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[ey-foh-nee-uh] /eɪˈfoʊ ni ə/
noun, Pathology.
loss of voice, especially due to an organic or functional disturbance of the vocal organs.
Origin of aphonia
1770-80; < New Latin < Greek: speechlessness. See a-6, phon-, -ia Unabridged
Based on the Random House Dictionary, © Random House, Inc. 2018.
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British Dictionary definitions for aphonia


loss of the voice caused by damage to the vocal tract
Word Origin
C18: via New Latin from Greek, from a-1 + phōnē sound, voice
Collins English Dictionary - Complete & Unabridged 2012 Digital Edition
© William Collins Sons & Co. Ltd. 1979, 1986 © HarperCollins
Publishers 1998, 2000, 2003, 2005, 2006, 2007, 2009, 2012
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Word Origin and History for aphonia

"want of voice, loss of voice, having no sound," 1719, from Modern Latin aphonia, from Greek aphonia "speechlessness," noun of quality from aphonos "voiceless," from a-, privative prefix (see a- (3)), + phone "voice" (see fame (n.)). Less-common anglicized form aphony is attested from 1827.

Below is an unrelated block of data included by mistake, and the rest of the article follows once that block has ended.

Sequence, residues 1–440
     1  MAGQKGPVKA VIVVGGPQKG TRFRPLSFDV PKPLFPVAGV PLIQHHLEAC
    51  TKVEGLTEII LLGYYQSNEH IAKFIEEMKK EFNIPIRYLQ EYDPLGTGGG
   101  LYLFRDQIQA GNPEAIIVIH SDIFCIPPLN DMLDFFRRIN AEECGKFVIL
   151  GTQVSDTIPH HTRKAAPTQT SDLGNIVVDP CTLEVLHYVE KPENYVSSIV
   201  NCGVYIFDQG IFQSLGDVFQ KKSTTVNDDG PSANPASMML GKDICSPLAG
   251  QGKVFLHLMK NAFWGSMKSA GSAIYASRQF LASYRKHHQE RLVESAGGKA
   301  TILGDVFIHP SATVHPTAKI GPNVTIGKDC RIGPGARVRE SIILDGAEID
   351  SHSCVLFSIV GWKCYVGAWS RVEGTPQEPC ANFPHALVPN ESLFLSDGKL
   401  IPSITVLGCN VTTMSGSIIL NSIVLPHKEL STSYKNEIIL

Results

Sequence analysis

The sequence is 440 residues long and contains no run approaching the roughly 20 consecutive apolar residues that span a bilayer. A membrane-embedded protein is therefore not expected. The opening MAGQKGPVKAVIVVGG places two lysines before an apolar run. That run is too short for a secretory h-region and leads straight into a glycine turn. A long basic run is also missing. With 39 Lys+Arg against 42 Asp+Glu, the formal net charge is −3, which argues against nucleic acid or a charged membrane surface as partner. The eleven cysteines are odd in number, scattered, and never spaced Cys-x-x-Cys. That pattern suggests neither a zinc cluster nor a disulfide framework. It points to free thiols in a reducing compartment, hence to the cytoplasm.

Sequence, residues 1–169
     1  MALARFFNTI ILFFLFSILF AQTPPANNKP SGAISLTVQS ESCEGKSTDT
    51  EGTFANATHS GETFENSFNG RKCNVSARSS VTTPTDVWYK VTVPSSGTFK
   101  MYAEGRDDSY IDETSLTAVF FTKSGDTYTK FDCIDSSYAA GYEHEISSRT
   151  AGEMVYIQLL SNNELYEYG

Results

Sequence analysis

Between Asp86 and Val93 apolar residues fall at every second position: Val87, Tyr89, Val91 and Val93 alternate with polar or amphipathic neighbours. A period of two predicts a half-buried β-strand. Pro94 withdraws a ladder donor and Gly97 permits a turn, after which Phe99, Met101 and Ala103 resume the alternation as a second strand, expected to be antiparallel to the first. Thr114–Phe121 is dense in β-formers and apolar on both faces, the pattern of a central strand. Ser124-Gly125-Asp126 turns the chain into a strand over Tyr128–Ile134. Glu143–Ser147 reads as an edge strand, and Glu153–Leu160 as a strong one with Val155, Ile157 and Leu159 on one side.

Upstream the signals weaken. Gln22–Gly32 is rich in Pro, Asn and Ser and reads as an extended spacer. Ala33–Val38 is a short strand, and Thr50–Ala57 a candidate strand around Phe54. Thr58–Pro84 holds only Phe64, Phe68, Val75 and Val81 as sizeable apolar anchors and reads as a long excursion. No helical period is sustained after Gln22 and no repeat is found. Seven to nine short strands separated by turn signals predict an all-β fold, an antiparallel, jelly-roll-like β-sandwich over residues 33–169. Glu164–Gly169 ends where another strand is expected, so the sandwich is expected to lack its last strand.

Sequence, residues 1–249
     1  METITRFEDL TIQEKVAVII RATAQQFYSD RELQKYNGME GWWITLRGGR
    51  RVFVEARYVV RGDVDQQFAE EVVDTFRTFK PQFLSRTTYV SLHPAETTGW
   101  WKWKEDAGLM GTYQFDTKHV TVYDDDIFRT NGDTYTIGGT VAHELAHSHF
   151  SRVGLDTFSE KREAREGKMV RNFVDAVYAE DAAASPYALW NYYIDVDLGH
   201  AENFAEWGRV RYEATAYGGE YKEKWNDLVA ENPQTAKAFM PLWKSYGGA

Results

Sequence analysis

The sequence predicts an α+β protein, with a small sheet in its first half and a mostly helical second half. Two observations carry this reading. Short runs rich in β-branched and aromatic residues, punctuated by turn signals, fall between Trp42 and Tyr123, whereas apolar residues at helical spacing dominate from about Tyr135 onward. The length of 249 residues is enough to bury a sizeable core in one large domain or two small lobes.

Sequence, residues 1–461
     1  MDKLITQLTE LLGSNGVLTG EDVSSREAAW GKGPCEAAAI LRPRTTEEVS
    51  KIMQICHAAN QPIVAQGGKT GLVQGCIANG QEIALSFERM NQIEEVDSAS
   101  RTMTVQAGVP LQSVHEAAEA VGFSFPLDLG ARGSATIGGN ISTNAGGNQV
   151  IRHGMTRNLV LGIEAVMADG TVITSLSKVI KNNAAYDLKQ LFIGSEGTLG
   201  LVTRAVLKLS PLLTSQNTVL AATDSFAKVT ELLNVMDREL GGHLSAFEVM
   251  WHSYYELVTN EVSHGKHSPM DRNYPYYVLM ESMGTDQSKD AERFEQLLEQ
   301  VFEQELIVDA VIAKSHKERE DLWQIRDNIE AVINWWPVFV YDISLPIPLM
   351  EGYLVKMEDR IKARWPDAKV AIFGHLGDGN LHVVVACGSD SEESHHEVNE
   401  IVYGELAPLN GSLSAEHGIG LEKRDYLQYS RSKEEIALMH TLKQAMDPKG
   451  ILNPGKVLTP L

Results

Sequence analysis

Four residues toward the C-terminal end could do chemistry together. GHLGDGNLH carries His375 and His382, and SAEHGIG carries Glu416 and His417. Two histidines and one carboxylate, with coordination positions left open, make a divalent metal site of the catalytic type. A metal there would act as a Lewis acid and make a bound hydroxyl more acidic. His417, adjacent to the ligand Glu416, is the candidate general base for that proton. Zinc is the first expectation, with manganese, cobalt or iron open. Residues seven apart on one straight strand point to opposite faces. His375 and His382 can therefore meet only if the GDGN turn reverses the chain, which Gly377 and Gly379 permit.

Online Etymology Dictionary, © 2010 Douglas Harper
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aphonia in Medicine

aphonia a·pho·ni·a (ā-fō'nē-ə)
Loss of the voice resulting from disease, injury to the vocal cords, or psychological causes, such as hysteria.

a·phon'ic (ā-fŏn'ĭk, ā-fō'nĭk) adj.
The American Heritage® Stedman's Medical Dictionary
Copyright © 2002, 2001, 1995 by Houghton Mifflin Company. Published by Houghton Mifflin Company.
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